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JM: What’s your current favorite ingredient in your cooking?

Robin: Right now, it’s probably asparagus. I love it grilled, roasted, in quiche or pasta. But in another couple of weeks, it’s going to be locally-grown strawberries. I won’t be able to get enough of them for the short season they’re here.

JM: In the book, you speak of the first meal you had together with Ken and the kids (hamburgers). Did you ever cook a meal just for him while you were dating?
Robin: Yes, often! When I first moved to Columbus, I was technically on sabbatical from the San Francisco Chronicle. I worked part time as a buyer for a local gourmet cookware store and wrote freelance for a few publications. But I had lots of time to cook. For one of our first dates, I packed us a picnic lunch with shrimp cocktail, cold poached salmon, asparagus, flourless chocolate cake. We ate it outside at a local park. So romantic!

JM: I love that you bonded with the kids through the thing you were most comfortable with: food. I’m not nearly a fraction of the cook that you are and my kids mostly hate anything that doesn’t involve sugar. What do you recommend for picky eaters?

Robin: Start with where they are and try not to make food a battlefield. The meal I described above? That was great for Ken and I, but the kids wouldn’t touch it (still wouldn’t eat the poached salmon). When I met them, Ben was 10 and the twins were 8. I first had to figure out what they liked and then see if I could expand their palates little by little. But that was my way of getting to know them, almost like a game. I couldn’t take their reactions to the food personally, which was hard for me. What I ended up doing was making sure there was always one thing on the table that they liked, that was familiar to them, even if it was just grapes or plain pasta or rice. If they wanted, they could just eat that (after they tried whatever else was on the table). And if they were still hungry, they could get a cup of yogurt out of the fridge.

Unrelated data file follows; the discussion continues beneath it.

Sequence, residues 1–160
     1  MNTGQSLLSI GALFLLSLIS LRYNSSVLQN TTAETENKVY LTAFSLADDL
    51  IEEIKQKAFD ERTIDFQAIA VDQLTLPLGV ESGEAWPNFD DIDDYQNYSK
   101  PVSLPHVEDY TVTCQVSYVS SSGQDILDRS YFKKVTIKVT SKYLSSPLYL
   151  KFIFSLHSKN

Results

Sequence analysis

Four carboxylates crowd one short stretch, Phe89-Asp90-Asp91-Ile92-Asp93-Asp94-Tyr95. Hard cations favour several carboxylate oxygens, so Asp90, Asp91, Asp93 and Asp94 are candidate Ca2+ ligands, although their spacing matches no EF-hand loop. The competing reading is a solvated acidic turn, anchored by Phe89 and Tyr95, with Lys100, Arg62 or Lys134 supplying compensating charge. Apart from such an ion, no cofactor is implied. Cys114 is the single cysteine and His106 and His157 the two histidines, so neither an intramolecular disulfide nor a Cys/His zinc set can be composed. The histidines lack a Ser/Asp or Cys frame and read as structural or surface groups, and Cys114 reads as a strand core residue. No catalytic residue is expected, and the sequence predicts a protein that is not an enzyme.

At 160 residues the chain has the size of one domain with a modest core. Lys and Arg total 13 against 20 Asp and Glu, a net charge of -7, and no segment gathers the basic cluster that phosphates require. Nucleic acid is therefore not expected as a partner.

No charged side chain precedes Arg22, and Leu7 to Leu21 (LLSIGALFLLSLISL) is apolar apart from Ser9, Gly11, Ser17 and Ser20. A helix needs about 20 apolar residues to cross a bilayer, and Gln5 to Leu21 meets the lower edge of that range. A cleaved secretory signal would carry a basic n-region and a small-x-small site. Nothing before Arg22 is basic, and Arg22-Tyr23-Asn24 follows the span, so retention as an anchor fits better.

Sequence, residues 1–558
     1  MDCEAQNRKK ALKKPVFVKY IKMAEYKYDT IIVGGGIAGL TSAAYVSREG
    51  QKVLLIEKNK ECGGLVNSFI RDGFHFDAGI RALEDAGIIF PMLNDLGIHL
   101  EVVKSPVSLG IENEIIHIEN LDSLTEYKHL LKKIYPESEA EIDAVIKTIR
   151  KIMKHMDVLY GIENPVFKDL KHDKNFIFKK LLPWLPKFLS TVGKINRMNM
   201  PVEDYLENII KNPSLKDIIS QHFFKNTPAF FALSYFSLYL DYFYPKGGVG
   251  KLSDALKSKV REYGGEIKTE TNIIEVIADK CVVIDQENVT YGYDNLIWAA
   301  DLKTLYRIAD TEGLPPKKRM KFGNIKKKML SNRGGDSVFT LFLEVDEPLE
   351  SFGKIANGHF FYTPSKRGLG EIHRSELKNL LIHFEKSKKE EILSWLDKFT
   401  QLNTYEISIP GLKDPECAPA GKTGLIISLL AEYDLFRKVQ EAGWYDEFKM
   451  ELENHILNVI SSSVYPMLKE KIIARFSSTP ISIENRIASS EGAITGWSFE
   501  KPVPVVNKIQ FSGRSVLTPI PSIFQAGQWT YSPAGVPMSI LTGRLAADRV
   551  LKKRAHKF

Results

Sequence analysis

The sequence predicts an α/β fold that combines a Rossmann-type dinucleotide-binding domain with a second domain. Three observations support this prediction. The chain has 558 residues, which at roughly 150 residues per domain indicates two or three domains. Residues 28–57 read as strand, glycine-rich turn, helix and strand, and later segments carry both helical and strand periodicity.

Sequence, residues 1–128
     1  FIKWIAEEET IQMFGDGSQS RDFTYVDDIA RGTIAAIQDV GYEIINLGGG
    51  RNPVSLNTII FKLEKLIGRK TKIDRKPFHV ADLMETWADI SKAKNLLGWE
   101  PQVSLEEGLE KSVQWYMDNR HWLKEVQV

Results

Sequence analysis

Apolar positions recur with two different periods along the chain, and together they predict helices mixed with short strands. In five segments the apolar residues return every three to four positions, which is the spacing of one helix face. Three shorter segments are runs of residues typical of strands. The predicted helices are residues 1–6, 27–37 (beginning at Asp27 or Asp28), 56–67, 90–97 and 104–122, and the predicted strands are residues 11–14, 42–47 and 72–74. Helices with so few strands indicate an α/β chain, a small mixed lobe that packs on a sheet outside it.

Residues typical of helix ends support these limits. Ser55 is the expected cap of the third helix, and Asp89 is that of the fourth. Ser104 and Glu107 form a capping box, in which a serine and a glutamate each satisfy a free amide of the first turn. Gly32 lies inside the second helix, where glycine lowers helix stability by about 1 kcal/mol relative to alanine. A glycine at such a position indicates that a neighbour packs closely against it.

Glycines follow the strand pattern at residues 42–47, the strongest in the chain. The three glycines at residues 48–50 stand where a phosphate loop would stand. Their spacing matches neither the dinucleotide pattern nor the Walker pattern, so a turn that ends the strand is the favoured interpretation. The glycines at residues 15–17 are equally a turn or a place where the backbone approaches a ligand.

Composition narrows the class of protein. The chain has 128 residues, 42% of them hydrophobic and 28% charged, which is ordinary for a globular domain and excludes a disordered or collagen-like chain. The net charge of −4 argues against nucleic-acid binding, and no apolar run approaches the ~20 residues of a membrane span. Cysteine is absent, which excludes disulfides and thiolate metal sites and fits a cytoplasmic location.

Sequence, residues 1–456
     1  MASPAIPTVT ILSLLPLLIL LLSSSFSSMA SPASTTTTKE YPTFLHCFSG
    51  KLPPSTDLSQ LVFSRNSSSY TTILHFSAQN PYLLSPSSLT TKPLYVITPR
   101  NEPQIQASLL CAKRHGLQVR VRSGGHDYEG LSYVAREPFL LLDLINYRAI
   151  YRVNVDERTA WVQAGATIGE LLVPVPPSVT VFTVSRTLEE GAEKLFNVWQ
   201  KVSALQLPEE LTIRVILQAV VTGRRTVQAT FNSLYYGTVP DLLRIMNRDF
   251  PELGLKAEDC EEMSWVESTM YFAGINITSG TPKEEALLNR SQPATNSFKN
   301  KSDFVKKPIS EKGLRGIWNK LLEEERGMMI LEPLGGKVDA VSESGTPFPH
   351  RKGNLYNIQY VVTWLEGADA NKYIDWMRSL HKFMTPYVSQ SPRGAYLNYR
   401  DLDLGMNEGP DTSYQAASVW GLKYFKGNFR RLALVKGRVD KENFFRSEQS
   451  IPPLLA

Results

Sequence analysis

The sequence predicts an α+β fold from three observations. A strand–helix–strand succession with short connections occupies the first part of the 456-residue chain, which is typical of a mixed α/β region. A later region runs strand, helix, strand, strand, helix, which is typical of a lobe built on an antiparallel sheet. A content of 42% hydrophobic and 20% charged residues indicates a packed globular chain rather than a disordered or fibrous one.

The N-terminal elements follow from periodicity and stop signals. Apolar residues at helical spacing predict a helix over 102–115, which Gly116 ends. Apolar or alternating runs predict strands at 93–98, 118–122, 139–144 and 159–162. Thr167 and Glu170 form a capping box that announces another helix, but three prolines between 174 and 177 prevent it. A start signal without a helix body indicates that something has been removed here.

JM: had hot sauce in my eye  was moved to tears many times while reading this book, and one part that resonated very strongly with me was your phrase “It flattened me,” in regards to the basic day-to-day tasks that grow exponentially when you suddenly find yourself with a family. I thought I was the only one.